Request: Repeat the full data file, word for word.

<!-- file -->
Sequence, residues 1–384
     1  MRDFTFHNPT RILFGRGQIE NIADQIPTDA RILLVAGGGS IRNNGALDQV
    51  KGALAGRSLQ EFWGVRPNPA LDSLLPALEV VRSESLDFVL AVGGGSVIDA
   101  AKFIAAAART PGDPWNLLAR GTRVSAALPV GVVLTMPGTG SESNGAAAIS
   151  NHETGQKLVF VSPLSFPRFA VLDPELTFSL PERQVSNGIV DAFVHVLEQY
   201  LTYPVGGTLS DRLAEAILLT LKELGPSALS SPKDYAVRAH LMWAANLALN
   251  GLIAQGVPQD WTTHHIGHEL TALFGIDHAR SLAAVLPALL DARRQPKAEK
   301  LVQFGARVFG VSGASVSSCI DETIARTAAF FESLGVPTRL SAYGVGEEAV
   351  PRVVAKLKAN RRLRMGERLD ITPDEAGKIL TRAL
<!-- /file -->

Sequence, residues 1–384
     1  MRDFTFHNPT RILFGRGQIE NIADQIPTDA RILLVAGGGS IRNNGALDQV
    51  KGALAGRSLQ EFWGVRPNPA LDSLLPALEV VRSESLDFVL AVGGGSVIDA
   101  AKFIAAAART PGDPWNLLAR GTRVSAALPV GVVLTMPGTG SESNGAAAIS
   151  NHETGQKLVF VSPLSFPRFA VLDPELTFSL PERQVSNGIV DAFVHVLEQY
   201  LTYPVGGTLS DRLAEAILLT LKELGPSALS SPKDYAVRAH LMWAANLALN
   251  GLIAQGVPQD WTTHHIGHEL TALFGIDHAR SLAAVLPALL DARRQPKAEK
   301  LVQFGARVFG VSGASVSSCI DETIARTAAF FESLGVPTRL SAYGVGEEAV
   351  PRVVAKLKAN RRLRMGERLD ITPDEAGKIL TRAL